According to the Financial Industry Regulatory Authority there has been a rash of “mystery shopper,” “modeling” and other job-search scams in which individuals receive checks that appear to be from legitimate companies—including FINRA.
In each of these scams, you are sent an authentic-looking check. In many instances, the name of a real company appears on the check as well as real account and routing numbers. The common variety of this scam includes instructions to deposit the check in your bank account and then almost immediately transfer a portion of the money to someone else. Days later, your bank informs you that the check was counterfeit and that you are liable for the amount withdrawn, usually several thousand dollars.
A variation of this scam simply delivers a check to your door, by registered mail or other delivery method that requires a signature. No instructions accompany the check—but FINRA suspects that once you deposit the check, you may further entangle yourself with the fraudster. For example, you might be liable for the amount of the counterfeit check, your endorsement might give your account information to fraudsters, or you could receive follow-up attempts to phish for personal financial information—or some combination.
If you receive a check from FINRA, do not cash it—unless you have a current business relationship with FINRA. Call (301) 590-6500, and speak with a FINRA staff member.
Mystery Shopping Scam
Fraudsters lure victims by posting ads for mystery shoppers in job classifieds, such as on the popular Web site Craigslist. When victims respond to the ads, they are led to believe that they have been hired as mystery shoppers to evaluate the services of money transfer companies, such as MoneyGram. Victims are then sent checks that appear to be from legitimate companies—including FINRA—and instructed to deposit the checks in their bank accounts, then withdraw most of the money and wire it to someone else—often a purported fellow mystery shopper. Victims are told to keep several hundred dollars of the money as payment. When the checks are later discovered to be phony, the banks reverse the deposit and the victims are left liable for the money withdrawn, usually several thousand dollars.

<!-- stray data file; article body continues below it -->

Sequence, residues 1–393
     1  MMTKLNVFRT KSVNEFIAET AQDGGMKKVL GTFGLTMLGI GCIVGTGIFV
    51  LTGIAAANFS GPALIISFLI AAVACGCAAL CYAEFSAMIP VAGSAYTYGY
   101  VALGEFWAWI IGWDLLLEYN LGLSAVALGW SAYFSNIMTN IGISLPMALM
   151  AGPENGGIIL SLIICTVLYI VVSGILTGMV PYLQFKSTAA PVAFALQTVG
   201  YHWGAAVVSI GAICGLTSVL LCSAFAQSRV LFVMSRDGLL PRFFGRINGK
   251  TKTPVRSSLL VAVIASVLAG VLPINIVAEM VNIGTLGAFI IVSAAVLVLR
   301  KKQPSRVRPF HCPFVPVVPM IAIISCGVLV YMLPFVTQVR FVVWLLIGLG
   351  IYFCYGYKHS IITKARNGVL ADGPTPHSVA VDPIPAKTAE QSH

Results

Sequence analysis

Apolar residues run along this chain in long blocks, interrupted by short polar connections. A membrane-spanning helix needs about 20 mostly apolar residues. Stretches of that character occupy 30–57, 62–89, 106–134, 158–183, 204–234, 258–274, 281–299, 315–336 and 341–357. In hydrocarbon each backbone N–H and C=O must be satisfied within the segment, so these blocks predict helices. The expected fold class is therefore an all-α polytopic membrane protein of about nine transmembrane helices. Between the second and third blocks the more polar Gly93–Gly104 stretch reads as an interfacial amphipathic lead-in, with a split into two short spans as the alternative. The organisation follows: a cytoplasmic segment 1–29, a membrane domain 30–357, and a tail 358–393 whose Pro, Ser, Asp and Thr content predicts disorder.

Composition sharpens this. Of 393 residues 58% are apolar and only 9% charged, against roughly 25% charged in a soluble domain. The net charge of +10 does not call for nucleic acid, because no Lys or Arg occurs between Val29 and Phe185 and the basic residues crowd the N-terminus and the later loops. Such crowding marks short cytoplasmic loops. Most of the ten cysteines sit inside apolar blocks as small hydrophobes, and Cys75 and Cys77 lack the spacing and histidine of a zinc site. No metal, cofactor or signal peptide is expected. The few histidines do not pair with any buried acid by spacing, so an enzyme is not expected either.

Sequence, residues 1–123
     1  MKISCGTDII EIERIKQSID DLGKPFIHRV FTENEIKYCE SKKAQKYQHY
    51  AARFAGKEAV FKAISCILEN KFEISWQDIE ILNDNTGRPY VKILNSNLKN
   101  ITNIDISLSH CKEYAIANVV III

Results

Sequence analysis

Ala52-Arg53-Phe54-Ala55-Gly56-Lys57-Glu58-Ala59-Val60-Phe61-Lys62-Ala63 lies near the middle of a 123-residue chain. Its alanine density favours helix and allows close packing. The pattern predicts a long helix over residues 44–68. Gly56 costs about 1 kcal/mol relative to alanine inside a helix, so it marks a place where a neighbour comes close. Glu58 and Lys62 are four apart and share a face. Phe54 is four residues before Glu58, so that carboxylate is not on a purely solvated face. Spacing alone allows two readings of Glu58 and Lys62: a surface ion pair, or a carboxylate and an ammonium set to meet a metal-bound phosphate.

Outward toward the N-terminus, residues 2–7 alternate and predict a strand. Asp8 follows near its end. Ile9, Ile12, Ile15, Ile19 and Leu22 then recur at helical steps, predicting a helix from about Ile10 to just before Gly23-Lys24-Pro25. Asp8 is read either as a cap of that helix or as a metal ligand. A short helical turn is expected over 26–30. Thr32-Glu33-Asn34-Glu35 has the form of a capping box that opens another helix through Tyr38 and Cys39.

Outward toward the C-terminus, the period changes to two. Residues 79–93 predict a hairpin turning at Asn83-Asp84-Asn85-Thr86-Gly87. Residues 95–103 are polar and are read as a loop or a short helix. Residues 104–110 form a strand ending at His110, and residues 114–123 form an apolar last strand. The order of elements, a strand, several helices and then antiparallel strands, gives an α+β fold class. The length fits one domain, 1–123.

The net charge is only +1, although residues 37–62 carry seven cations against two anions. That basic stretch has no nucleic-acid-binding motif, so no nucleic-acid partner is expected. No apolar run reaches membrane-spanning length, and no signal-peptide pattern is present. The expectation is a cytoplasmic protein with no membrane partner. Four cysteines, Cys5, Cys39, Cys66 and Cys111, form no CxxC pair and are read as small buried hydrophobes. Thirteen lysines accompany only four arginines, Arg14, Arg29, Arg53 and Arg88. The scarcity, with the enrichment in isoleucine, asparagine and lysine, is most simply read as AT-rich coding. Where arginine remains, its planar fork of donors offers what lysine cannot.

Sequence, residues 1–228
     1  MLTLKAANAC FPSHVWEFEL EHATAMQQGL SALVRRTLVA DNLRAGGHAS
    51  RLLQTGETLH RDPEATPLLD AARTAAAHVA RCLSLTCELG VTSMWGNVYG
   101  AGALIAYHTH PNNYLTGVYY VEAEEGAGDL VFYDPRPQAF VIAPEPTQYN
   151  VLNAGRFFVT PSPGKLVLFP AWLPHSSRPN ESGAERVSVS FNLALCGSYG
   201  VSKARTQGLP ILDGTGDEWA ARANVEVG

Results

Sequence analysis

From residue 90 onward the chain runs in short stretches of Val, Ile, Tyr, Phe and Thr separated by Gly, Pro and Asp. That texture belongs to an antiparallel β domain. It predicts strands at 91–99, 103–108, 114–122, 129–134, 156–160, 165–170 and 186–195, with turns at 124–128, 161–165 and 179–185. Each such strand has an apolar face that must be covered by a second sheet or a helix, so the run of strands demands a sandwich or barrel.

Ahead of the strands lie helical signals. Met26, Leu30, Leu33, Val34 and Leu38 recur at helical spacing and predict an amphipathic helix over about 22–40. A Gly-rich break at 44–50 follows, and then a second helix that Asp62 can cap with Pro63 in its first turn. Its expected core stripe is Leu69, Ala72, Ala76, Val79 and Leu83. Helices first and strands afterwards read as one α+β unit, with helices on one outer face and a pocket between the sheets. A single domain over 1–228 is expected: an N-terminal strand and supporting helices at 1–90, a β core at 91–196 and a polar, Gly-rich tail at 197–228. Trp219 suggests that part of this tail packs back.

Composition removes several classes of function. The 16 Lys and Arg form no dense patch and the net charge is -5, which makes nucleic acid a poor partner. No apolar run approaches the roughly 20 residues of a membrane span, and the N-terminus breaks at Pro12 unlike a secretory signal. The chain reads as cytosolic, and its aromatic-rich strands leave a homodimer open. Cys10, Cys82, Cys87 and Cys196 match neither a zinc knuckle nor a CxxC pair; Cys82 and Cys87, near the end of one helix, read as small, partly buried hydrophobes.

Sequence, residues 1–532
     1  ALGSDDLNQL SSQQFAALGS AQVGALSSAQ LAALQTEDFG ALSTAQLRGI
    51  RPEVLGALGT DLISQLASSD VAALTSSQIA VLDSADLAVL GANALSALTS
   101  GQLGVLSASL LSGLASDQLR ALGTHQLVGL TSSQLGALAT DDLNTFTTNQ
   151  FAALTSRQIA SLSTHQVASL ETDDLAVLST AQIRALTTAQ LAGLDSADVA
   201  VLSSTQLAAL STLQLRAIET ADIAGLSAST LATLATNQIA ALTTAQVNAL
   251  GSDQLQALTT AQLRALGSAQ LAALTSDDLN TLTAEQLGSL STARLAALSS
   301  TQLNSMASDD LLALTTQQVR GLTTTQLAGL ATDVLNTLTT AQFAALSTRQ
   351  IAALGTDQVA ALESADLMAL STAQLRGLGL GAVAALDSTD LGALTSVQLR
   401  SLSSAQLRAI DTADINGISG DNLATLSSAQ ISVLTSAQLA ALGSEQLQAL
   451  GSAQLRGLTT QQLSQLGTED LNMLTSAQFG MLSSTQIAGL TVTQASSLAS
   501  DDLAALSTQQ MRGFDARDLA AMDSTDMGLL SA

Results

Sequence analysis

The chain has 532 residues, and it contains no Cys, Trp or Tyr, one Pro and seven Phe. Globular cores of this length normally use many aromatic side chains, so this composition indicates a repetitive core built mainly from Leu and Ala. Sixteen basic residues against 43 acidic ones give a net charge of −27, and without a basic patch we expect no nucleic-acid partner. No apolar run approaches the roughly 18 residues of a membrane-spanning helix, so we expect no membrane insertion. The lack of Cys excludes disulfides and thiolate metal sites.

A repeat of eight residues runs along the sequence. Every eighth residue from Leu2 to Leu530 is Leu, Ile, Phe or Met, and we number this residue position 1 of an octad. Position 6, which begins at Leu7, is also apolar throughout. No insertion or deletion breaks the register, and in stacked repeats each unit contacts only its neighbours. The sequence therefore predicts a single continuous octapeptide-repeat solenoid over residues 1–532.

Typically this scam starts with a victim responding to an online posting—or the victim may have posted information online, such as with a modeling clearing house. Either way, the victim eventually gets “hired” by the fraudsters to model and receives an email with instructions. Similar to the mystery shopping scam, the victim then receives a legitimate looking check and is told to cash the check, wire some portion of the proceeds to a third party—such as a “supervising crew”—and keep the remainder as payment.
Unexpected Check Scam